An Automaton-Theoretic View of Algebraic Specifications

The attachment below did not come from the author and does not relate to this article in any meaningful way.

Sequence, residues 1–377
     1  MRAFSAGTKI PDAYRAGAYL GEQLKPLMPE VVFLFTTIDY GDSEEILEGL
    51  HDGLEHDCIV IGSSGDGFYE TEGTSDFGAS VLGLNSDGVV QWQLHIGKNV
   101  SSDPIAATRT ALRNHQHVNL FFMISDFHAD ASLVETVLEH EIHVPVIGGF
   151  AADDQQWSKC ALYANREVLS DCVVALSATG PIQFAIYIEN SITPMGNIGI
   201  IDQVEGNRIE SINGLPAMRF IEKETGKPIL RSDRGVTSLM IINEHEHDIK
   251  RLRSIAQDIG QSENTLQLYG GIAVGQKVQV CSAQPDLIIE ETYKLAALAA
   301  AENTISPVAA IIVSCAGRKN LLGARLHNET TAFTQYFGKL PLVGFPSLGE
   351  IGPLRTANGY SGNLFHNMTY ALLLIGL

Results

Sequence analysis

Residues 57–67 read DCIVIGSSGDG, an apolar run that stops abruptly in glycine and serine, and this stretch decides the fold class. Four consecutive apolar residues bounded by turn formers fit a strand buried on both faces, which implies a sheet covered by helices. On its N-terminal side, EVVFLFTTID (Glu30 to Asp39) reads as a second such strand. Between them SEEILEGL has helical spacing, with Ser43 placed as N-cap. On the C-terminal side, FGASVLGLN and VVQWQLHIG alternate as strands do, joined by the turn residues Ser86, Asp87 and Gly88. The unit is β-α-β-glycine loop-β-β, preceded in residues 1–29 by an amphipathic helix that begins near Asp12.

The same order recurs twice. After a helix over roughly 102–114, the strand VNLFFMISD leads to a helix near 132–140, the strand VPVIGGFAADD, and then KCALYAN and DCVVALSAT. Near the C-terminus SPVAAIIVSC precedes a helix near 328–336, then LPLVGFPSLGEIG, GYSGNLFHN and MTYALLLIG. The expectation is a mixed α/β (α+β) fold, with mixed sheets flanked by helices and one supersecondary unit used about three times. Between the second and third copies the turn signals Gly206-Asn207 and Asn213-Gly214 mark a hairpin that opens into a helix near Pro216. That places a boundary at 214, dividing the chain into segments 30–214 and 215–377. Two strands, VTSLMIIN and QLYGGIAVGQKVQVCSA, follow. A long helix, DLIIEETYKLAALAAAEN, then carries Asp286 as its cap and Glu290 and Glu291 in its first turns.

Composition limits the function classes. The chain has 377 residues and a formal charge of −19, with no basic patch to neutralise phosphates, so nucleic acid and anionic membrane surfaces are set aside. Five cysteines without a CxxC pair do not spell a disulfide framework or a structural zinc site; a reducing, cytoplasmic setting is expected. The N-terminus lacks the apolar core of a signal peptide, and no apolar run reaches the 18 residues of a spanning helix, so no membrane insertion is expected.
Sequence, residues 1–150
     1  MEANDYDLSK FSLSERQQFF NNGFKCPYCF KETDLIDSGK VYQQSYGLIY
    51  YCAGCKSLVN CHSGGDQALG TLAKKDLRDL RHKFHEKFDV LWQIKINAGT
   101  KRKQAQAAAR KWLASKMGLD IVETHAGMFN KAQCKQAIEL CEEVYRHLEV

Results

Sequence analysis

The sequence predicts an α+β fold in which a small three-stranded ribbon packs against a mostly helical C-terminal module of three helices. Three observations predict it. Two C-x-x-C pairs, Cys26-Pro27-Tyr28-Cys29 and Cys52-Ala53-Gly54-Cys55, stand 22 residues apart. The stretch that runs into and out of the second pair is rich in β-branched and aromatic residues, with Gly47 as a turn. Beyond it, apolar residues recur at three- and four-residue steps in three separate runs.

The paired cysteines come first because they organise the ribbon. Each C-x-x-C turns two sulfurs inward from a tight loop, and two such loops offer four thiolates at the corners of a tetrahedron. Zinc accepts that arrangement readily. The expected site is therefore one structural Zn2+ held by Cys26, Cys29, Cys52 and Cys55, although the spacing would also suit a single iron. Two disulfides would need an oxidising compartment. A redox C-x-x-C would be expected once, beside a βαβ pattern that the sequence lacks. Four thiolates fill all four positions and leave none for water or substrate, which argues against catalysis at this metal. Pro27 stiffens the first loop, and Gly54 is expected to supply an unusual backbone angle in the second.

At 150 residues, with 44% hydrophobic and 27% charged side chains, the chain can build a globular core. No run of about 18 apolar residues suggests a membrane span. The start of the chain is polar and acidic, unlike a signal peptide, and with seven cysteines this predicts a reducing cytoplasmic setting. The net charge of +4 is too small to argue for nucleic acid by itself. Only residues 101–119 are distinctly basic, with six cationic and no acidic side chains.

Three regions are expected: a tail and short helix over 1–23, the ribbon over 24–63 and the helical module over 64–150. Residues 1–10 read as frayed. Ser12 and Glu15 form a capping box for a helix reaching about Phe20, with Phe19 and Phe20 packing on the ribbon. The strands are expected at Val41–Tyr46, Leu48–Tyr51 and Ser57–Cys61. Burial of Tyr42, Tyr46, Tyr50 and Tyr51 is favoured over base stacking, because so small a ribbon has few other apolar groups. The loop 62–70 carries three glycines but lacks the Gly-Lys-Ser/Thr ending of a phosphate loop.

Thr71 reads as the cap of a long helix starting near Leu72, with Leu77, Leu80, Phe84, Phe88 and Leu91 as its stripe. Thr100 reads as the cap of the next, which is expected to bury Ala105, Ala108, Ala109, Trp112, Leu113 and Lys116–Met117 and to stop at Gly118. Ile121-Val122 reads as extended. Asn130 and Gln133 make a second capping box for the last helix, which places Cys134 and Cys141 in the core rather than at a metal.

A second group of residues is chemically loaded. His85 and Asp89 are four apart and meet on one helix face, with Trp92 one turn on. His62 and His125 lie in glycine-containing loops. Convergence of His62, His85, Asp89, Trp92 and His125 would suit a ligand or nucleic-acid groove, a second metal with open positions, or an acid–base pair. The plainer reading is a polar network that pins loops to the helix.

We compare two methods for software specification: <em>algebraic specifications</em> and automata. While algebraic specifications have been around since the 1970s and have been studied extensively, specification by automata is relatively new. Its origins are in another veteran method called <em>trace assertions</em>, which considers a software module as a set of traces, that is, a sequences of function executions. A module is specified by a set of canonical traces and an equivalence relation matching one of the canonical traces to each non-canonical trace. It has been recently shown that trace assertions is an equivalent method to specification by automata. In continuation of this work on trace assertions and automata, we study how automata compare with algebraic specifications. We prove that every specification using an automaton can be converted into an algebraic specification describing the same abstract data type. This conversion utilises a set of canonical words, representing states in the automaton. We next consider varieties of monoids as a heuristic for obtaining more concise algebraic specifications from automata. Finally, we discuss the opposite conversion of algebraic specifications into automata. We show that, while an automaton always exists for every abstract data type described by an algebraic specification, this automaton may not be finitely describable and therefore may not be considered as a viable method for software specification.